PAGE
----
2006 Kabaj Cuvée Morel: 60% Merlot, 18% Cabernet Sauvignon, 18% Cabernet Franc, and 4% Petit Verdot. Aged 36 months in French oak barrels then 4 months in bottles. Dark garnet color, nose of dry herbs, medium-bodied, some tannins on the palate, needs to open up.

2007 Kabaj Merlot: 100% Merlot. Aged 24 months in French oak barrels then 4 months in bottles. Dark color, aromatic nose, aromas of blackberries and cherries, medium-bodied, quite dry with some tannins. Not jammy at all but more fruity than the Cuvée Morel, very food friendly.

The last 3 wines of the tasting were the most interesting and intriguing. They were vinified and aged in 3000 liter clay jars buried underground called kvevri, using ancient Georgian winemaking practices. After being aged in the jars for 10 months on the skins, the wine goes without the skins into oak barrels for 12 months and aged for 12 additional months in bottle. During aging, 25% of the wine is usually lost to evaporation.

2005 Kabaj Amfora: dark yellow color, floral nose, concentrated and tight on the palate, not really fruity, rather spicy and quite complex.

2006 Kabaj Amfora: much more open than the 2005. Nice floral nose and additional notes of peach and apricots. Quite distinguished and really delicious.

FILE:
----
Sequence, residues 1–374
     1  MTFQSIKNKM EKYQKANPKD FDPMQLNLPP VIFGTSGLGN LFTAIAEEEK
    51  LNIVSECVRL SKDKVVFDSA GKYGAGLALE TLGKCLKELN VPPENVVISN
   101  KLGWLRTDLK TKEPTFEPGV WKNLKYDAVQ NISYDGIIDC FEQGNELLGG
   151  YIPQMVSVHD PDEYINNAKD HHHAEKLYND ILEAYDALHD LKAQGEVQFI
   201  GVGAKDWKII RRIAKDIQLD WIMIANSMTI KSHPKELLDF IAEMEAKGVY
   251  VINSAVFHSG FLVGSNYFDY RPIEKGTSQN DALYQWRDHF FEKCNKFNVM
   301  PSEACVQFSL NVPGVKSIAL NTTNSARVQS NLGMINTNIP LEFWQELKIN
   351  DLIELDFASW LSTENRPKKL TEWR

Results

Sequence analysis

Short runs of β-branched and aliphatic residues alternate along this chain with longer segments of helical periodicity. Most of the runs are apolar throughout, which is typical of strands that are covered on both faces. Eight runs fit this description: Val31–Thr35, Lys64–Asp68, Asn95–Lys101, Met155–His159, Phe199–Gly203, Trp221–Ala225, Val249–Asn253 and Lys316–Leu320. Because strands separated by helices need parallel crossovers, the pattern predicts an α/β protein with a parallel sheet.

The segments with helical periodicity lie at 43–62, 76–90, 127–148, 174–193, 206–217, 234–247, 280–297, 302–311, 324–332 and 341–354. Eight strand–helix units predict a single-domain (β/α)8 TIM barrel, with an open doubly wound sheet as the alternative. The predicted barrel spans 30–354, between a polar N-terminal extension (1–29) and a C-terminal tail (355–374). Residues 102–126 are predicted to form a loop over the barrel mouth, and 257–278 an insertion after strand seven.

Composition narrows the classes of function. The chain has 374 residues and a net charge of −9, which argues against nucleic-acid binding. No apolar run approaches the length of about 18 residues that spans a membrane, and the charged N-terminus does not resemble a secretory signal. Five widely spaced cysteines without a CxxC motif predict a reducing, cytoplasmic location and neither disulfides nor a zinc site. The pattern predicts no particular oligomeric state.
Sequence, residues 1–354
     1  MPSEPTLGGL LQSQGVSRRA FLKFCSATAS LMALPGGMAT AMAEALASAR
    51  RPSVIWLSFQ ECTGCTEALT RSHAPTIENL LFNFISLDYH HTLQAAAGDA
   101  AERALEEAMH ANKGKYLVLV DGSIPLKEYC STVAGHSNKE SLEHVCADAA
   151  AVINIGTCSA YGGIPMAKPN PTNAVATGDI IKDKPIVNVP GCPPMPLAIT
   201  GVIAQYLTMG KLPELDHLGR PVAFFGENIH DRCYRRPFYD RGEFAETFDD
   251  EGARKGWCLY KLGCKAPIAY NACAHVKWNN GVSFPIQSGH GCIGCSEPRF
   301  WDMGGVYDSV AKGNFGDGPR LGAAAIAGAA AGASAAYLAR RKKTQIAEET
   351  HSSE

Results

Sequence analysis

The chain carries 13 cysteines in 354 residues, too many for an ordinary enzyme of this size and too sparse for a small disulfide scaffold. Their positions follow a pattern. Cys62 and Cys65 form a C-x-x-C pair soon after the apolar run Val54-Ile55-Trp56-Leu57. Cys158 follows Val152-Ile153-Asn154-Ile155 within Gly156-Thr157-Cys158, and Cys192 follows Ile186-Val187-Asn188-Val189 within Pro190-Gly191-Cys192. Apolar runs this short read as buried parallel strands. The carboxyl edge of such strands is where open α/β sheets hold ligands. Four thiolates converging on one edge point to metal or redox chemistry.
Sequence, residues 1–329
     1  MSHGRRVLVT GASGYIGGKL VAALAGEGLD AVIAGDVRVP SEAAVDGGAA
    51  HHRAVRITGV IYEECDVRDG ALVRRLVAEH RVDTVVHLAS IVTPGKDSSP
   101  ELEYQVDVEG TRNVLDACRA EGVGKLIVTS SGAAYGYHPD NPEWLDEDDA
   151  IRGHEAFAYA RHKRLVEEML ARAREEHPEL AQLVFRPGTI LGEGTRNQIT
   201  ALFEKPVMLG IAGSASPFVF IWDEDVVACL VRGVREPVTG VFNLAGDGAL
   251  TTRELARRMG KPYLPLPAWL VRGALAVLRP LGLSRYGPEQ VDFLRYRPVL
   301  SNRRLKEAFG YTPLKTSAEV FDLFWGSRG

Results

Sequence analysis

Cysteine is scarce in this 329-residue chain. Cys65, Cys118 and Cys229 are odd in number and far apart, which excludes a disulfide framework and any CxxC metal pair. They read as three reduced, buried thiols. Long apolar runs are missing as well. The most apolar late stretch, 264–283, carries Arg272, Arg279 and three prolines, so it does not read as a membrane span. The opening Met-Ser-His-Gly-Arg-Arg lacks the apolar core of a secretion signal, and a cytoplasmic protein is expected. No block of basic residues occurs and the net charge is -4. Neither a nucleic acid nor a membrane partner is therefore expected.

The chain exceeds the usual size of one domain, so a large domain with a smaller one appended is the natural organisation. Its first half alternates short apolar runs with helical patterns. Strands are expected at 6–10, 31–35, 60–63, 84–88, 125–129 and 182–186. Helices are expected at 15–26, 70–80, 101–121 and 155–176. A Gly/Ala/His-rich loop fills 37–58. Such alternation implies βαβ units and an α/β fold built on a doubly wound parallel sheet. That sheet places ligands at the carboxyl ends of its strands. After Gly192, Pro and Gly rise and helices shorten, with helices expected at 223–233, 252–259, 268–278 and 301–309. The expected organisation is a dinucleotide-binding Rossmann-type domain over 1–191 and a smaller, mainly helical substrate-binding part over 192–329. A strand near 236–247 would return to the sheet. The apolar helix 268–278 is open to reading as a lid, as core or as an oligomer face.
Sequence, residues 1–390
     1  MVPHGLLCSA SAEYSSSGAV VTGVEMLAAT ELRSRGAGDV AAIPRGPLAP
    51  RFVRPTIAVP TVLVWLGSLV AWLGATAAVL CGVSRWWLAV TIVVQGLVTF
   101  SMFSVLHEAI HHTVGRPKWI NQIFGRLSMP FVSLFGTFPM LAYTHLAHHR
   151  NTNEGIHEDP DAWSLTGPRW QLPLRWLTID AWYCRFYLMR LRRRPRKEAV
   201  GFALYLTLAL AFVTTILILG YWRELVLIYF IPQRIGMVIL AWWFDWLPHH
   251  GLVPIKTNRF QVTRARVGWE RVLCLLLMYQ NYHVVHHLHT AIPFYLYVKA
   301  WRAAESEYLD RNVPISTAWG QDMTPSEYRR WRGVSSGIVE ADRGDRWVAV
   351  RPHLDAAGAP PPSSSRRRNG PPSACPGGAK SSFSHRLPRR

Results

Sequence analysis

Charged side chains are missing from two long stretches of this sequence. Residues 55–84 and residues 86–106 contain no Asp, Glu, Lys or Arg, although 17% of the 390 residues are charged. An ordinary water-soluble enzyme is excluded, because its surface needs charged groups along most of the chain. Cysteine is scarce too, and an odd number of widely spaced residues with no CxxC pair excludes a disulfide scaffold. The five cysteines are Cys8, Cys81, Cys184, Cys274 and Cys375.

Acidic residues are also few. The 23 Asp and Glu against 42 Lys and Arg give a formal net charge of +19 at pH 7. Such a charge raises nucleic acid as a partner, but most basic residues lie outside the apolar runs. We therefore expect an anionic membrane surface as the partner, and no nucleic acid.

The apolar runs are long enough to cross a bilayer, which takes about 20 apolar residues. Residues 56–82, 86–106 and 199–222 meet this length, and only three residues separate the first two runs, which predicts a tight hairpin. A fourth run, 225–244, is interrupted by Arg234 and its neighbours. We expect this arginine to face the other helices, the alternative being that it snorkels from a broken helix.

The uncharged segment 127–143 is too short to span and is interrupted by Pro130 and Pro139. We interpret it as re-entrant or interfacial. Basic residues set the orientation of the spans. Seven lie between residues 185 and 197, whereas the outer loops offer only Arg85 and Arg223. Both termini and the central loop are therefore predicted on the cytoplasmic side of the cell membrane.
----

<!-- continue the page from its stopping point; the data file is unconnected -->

2007 Kabaj Amfora: more austere than the 2006, similar in style to the 2005.

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Osso Buco and a Super Tuscan for dinner

Date: Fri, May 20, 2011 Wine Tasting

The other day, I found some veal shanks at the store and decided to make Osso Buco, a dish where the veal is braised in wine, tomatoes, carrots, celery, onion, garlic, and herbs for at least 2-3 hours. The result is a full-flavored stew that calls for a rich and tasty Italian wine so I chose a 2007 Antinori Il Bruciato Bolgheri to accompany the Osso Buco.

Bolgheri is a wine region located on the southern coast of Tuscany and well known for its red Bordeaux style wines also called Super Tuscans. Thanks to a unique combination of sandy-clay soils, a sunny, dry, and moderately windy microclimate, and the effects of a maritime influence, Bordeaux grape varieties such as Cabernet Sauvignon, Merlot, Cabernet Franc, and Petit Verdot, tend to thrive there. Before the creation in 1994 of the Bolgheri Rosso and Rosso Superiore DOCs (Denominazione di origine controllata), the Super Tuscans of the area—wines of high quality but made outside DOC/DOCG regulations—were typically sold under the simpler designations Vino da tavola or IGT Toscana.

Il Bruciato is produced by Guado al Tasso, Antinori's Bolgheri estate located on the coast, 96km (60 miles) south-west of Florence. The wine is a blend of 50% Cabernet Sauvignon, 30% Merlot, 20% Syrah and other black varieties. Fermented in stainless steel, it was then racked off into oak barrels, where it aged for 8 months before being bottled.

The wine had a dark red color and an aromatic nose of moka, licorice, and black fruits. On the palate, it was full-bodied with a juicy mouthfeel and a smooth earthy finish. The wine was quite tasty and I thought my Osso Buco that I served with Polenta was quite tasty too!

Osso Buco with Polenta

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Pinot Noir doesn't need to be that expensive to be good

Date: Fri, May 13, 2011 Wine Tasting